Wimbley, Karin D., Ph.D.
Harrison Hall, Room 314
Associate Professor of English
Karin Wimbley’s teaching and research interests have two interrelated trajectories: one explores black cultural production, in both African American and Black Diaspora contexts, with particular attention paid to the ways we can understand black aesthetic traditions. The second trajectory investigates the politics of representation, and how we can understand American fine arts, literature, film, and visual culture canons as in dialogue with one another. Wimbley is specifically interested in the politics of representation as it connects with self-identification and representation, particularly across race, sexuality, gender, and class lines. Her courses are regularly cross-listed with Africana Studies, Film Studies, and Women’s, Gender, and Sexuality Studies programs.
In her current book project, Queering Anti-Blackness: Stereotypy, Representational Politics, and Black Cultural Production, Dr. Wimbley coins the term ‘stereotypy’ to describe the deployment of anti-black stereotypes in African American arts and letters to emphasize and critique the pervasive legacy of anti-blackness in the American cultural imagination. By queering and reorientating the anti-black stereotype, black artists and intellectuals employ stereotypy as a rhetorical, political, and aesthetic practice that short-circuits the claim that blackness is a wholly knowable, legible phenomenon or subject position.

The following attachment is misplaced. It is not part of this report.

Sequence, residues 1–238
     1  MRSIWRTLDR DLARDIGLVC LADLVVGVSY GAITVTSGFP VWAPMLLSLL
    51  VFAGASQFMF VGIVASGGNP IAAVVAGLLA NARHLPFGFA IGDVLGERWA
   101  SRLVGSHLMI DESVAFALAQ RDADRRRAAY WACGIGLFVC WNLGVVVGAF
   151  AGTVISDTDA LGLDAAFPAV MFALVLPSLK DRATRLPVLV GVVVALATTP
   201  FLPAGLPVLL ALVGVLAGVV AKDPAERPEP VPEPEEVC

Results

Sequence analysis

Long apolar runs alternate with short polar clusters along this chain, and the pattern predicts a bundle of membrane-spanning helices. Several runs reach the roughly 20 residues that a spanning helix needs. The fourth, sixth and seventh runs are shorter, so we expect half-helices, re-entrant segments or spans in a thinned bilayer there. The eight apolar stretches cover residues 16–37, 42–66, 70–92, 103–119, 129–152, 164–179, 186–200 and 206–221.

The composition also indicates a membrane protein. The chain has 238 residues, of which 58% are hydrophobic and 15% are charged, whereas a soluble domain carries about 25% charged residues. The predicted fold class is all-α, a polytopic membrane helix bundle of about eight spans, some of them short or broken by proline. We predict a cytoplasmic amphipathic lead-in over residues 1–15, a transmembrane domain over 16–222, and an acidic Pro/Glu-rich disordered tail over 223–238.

In recognition of her transformative teaching and mentoring excellence, Dr. Wimbley was awarded DePauw University’s United Methodist Exemplary Teaching Award in 2021 and holds the Alfred and Kathleen Evens Faculty Fellowship.
Dr. Wimbley received her BA in Theater from Hamilton College, and earned her MA in Humanities and her MA and PhD in English from the University of Chicago.
Courses Regularly TaughtAfrican American Literature Ethics and SocietyLiteratures of the Black Diaspora African American Cinema New York Auteurs: Martin Scorsese & Spike LeeTraversing Boundaries in the Graphic NovelU.S. Women’s Autobiography(re)Imagining Black MasculinitiesGendered Nationalism in South African Literature & Film